Plant Ecology

Ecological inventories of plant communities provide an important foundation for restoration planning, environmental impact assessment, and land management decisions ranging from wildfire mitigation to protection of sensitive habitats.  Our team includes experienced plant ecologists with the technical background to produce detailed botanical inventories for NEPA Compliance, baseline inventories, and for ecological restoration projects.

Plantain leaf buttercup (Ranunculus alismifolius) on a frosty morning in the San Juan Mountains of Colorado.


Our ecologists have considerable experience mapping and describing plant communities for land exchanges, environmental impact assessments, baseline inventories, and development reviews.  We conduct detailed field inventories, then produce vegetation maps in GIS and AutoCAD to illustrate their distribution, quantify abundance, and evaluate project impacts.  Our botanical inventories are also used to characterize plant communities for ecological restoration, as a reference for designing seed mixes and planting plans, and for developing restoration success criteria.

Vegetation Mapping Project in Eagle County, Colorado.


Baseline investigations are used to establish the Conservation Values of a property and are typically required when establishing a Conservation Easement.  We have the expertise to conduct detailed inventories of the botanical and ecological resources of a project site to document the values that are being conveyed, including mapping of vegetation types, identification of rare plant habitats, wetland delineations, and evaluations of ecological condition.

Baseline vegetation inventory for a Preble’s Meadow Jumping Mouse Habitat Conservation Bank in El Paso County, Colorado.


We use both qualitative and quantitative methods to characterize plant communities.  For projects where quantitative data are required, we establish vegetation transects, then collect point-intercept data to calculate vegetation cover by species.  In addition, we collect data on species richness, and the number, distribution and survivorship of woody plants.

Collecting vegetation cover data along a transect through a sagebrush shrubland.


Vegetation monitoring is an integral part of successful ecological restoration projects and is an important tool for evaluating the results of land management decisions.  Careful monitoring allows our ecologists to identify and proactively address problems such as weed establishment, erosion, or damage from humans or animal use.  We use both qualitative and quantitative methods to document plant cover in restoration sites.  Establishing permanent vegetation monitoring transects allows us to precisely track year-to-year changes in plant communities. These data are used in annual monitoring reports to evaluate progress toward achievement of the ecological performance standards, or mitigation success criteria.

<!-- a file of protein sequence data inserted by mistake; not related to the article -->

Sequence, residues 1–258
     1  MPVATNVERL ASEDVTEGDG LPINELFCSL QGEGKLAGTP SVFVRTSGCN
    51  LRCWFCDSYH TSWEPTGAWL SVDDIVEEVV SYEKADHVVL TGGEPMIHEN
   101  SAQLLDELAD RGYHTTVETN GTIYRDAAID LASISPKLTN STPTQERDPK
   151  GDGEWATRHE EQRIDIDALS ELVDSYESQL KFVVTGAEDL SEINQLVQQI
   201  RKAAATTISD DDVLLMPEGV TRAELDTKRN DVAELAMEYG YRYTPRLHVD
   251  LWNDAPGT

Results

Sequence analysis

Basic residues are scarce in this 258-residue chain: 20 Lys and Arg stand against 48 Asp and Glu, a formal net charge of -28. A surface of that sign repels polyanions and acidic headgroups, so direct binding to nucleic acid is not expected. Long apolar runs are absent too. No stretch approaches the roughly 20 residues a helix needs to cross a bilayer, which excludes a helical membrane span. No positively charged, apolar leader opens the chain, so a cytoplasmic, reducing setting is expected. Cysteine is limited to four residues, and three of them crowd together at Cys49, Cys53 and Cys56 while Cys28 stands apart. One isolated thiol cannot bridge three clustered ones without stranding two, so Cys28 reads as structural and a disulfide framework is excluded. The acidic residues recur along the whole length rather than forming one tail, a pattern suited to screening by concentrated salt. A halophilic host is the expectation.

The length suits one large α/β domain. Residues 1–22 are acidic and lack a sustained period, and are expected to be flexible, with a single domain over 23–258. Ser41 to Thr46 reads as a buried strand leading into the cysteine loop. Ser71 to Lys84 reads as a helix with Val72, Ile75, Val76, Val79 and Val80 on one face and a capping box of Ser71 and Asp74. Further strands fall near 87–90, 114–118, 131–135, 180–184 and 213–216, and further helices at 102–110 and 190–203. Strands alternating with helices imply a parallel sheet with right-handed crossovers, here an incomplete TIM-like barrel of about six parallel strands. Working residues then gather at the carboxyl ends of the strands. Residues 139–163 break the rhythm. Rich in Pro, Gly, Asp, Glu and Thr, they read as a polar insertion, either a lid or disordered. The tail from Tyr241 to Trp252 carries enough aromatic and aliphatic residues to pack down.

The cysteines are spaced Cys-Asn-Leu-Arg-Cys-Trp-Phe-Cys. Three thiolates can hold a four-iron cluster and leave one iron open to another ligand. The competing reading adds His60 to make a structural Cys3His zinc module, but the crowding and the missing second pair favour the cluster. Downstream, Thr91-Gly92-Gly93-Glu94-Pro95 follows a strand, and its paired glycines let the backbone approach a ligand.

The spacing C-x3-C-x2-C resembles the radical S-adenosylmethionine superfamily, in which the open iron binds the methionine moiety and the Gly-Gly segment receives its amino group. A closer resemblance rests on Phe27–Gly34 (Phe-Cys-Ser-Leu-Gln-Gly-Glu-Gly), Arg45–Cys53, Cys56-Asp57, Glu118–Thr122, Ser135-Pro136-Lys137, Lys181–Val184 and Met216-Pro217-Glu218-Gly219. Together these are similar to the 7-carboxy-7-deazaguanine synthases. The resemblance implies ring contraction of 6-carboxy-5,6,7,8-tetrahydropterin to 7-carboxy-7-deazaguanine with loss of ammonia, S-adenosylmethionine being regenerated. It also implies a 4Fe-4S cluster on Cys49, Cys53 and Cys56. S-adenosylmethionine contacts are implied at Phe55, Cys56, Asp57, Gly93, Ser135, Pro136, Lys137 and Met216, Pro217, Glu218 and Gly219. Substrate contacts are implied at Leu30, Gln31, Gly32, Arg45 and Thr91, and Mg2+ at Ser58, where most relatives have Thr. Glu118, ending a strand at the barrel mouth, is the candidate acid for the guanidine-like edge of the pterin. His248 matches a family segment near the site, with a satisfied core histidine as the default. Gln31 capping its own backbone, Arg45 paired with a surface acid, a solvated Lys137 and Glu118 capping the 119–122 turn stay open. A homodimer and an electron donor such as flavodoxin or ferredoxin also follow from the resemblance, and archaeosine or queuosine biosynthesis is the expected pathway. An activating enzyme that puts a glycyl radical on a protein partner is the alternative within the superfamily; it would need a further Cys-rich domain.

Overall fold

Vegetation monitoring transect in a Preble’s Meadow Jumping Mouse habitat conservation bank in El Paso County, Colorado.


Development of the Wildland-Urban Interface (WUI) has increased the risk that homeowners will be affected by catastrophic wildfires. To mitigate this risk, many communities are incorporating wildfire hazard assessments into their development review process, and homeowners are educating themselves and taking action to reduce the risk on their own properties.  Our ecologists are experienced with wildfire hazard assessments and have prepared studies for several development reviews in Eagle County, Colorado.  Our studies are prepared in accordance with the methods contained in the National Fire Protection Association Standard for Protection of Life and Property from Wildfire.  We map and describe the vegetation types and characterize the height and density of woody plants, then use this data to create fuel potential maps based on the vegetation and topography.  The planned mitigation measures are then used to develop a final wildfire hazard rating map for the development review.  This information can be used to reduce wildfire risk to homeowners through effective project planning.

Fuel potential maps account for species composition as well as the height and density of trees and shrubs.